Just popping in again to point you to Caroline Picard’s interview with Chicago-based artist Deb Sokolow on art:21 blog! (We’ve also interviewed Deb on Episode 201 of the podcast). Caroline asks Deb a bunch of really insightful questions – don’t miss this! A brief excerpt follows; please go on over to art:21 and read it in full.
Deb Sokolow invokes You, the audience. When engaging her workâ€“wall drawings rife with text-narratives that revel in heist, hijinks and mystery, You are not a passive bystander. You are implicated as a character in her web, because she always writes in the second person. I spent some time talking to Deb about that second person device. It strikes me as particularly interesting because of its self-reflexiveness. Rather than sharing the artistâ€™s gaze, looking through the lens of a camera say, the audience suddenly identifies with the model. You/We are in the drawing. You/We are being watched. Deb Sokolow is looking at us. Like an unnerving Welcome mat, Sokolow gives you a platform on which to stand.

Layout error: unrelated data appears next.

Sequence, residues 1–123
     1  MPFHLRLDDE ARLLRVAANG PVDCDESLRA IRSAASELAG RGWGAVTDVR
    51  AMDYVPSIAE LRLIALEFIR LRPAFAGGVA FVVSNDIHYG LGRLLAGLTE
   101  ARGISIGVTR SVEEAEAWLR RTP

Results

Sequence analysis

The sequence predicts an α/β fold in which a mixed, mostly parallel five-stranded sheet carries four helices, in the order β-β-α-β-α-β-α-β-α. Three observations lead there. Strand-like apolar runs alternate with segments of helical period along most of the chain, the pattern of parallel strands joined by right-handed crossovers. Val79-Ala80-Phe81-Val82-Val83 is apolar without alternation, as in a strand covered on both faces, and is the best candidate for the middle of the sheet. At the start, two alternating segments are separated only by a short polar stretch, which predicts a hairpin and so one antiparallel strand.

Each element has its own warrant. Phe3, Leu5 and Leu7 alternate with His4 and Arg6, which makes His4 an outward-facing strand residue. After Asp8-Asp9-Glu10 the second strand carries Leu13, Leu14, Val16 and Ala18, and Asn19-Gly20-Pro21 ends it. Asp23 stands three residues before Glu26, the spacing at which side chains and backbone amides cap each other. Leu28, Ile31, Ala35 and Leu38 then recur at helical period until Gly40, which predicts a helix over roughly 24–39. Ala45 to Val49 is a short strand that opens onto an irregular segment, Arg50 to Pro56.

Caroline Picard: How would you describe your development as an artist? Do you feel like there are different stages of Deb Sokolow work?
Deb Sokolow: Good question, maybe itâ€™s a question Iâ€™d be able to answer better 10 or 20 years down the road. Iâ€™ve only been working in this current vein since 2003. That year, I was smack-dab in the middle of grad school, and it was the year that I had an art crisis; I realized I didnâ€™t know what the heck I was doing or wanted to do as an artist. I had no personal investment in anything going on in the studio, so I stopped making work. I went home. I watched movies and ate Chinese take-out. â€œThis is so much better than making art,â€ I told myself. But then when I started asking myself what was so compelling about watching movies, I realized that it was the stories, the narrative form that I loved, that I could get lost in. This was an A-ha! moment for me, because prior to this, I was making these blobby shapes out of glue and arranging them on table tops. It was boring. So boring! So I moved into working with the narrative form, making large, diagrammatic drawings on paper or multiple papers, always narrated by an anonymous, unreliable protagonist whoâ€™s only ever referred to as â€œyouâ€ and thatâ€™s what Iâ€™ve been doing for the last couple of years up until a couple of months ago where I decided to make a break with this, keep using the â€œyouâ€ but develop a new framework for the narrative and a new way of presenting it. So, in answer to your question, I guess I could say that Iâ€™ve recently entered dynasty #2, which is actually a pretty exciting place to be. Read more.